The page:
• Financial Flows (cash and credit) are created by employers of labor trafficking victims. Agencies and organizations involved with tracking business and personal funds include the Internal Revenue Service, the Federal Bureau of Investigation, the U.S. Treasury, U.S. Marshals, gaming commissions, mortgage/escrow companies, banks, and state tax agencies.
Focusing on these five barriers may provide opportunities for you and your partners to identify labor trafficking and victims who otherwise might remain undetected. Additionally, consider local community groups, businesses, and faith-based organizations as having insight and/or access to victims. Building the best integrated, multi-disciplinary team is critical for successful labor trafficking investigations, prosecutions, and victim recovery.

The IACP, with the support of the Bureau of Justice Assistance (BJA), Office of Justice Programs, U.S. Department of Justice, and in partnership with Urban Institute and AEquitas, has launched the Enhancing Law Enforcement Human Trafficking Task Force Operations project which will provide law enforcement-related training and technical assistance (TTA) to the BJA/Office for Victims of Crime(OVC)-funded human trafficking task forces. The TTA project will focus on sex and labor trafficking and aims to close the gap in the identification, reporting, and enforcement of human trafficking laws. For project-related information or TTA, contact or visit the BJA website at


Banks, Duren, and Tracey Kyckelhahn. 2011. “Characteristics of Suspected Human Trafficking Incidents, 2008–2010.” Washington, DC: US Department of Justice, Bureau of Justice Statistics.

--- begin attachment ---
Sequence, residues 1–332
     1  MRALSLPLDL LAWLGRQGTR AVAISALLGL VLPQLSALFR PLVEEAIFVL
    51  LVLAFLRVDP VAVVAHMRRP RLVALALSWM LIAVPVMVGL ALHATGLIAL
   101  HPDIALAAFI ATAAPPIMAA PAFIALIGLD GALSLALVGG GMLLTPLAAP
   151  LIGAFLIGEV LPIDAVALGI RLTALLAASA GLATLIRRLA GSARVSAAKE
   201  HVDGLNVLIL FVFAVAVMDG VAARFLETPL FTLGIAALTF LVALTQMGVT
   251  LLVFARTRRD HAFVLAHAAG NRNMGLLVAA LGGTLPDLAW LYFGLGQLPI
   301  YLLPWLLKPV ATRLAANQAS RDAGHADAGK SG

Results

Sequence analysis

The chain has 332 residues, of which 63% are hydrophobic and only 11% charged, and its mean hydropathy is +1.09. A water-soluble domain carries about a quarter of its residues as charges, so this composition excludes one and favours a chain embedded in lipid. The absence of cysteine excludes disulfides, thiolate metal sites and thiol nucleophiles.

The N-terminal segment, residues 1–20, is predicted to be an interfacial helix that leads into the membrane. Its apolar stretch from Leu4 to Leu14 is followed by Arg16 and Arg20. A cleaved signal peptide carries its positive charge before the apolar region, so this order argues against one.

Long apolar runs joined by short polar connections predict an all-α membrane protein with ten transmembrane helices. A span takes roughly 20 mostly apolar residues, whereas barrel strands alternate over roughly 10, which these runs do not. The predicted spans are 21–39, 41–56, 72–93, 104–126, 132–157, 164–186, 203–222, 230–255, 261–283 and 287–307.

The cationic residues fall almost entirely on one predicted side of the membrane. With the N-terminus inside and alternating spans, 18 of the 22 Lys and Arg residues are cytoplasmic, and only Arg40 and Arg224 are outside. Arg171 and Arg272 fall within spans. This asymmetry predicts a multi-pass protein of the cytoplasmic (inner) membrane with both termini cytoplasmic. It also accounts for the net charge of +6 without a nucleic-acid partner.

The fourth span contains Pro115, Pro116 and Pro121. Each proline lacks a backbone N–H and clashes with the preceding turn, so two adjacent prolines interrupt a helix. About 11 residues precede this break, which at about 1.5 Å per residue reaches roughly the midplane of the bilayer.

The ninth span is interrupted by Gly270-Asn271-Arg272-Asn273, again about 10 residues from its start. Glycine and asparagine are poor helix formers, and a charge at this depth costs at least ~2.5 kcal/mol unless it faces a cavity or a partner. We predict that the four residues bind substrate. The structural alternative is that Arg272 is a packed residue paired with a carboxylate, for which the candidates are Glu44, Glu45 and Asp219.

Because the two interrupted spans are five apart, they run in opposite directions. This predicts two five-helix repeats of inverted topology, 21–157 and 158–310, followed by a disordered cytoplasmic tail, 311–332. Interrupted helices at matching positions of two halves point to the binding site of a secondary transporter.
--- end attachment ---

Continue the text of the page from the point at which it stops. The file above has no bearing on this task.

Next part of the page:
Newton, Phyllis J., Timothy M. Mulcahy, and Susan E. Martin. 2008. Finding Victims of Human Trafficking. Washington, DC: US Department of Justice.

Farrell, Amy, and Rebecca Pfeffer. 2014. “Policing Human Trafficking: Cultural Blinders and Organizational Barriers.” Annals of the American Academy of Political and Social Science 653 (1): 46–64.

Owens, C., Dank, M., Breaux, J., Banuelos, I., Farrell, A., Pfeffer, R., Heitsmith, R., Bright, K., McDevitt, J. (2014) Understanding the Organization, Operation, and Victimization Process of Labor Trafficking in the United States. Report prepared for the National Institute of Justice (NIJ).

Owens, C., Dank, M., Breaux, J., Banuelos, I., Farrell, A., Pfeffer, R., Heitsmith, R., Bright, K., McDevitt, J. (2014) Understanding the Organization, Operation, and Victimization Process of Labor Trafficking in the United States. Report prepared for the National Institute of Justice (NIJ).

Investigative Advisor Peter Vonk, Advisor Investigation Support Inspectorate SZW Investigation Department, The Hague Area, Netherlands (Presentation, 11-3-15).

Rijken, Conny (2013). Trafficking in human beings for labour exploitation: Cooperation in an integrated approach. European Journal of Crime, Criminal Law and Criminal Justice 21, pp. 9-35.

While this method is specific to labor trafficking of foreign nationals, cases have come forward involving labor trafficking of US citizens – e.g., persons with disabilities and runaway and homeless youth. For more information, see: and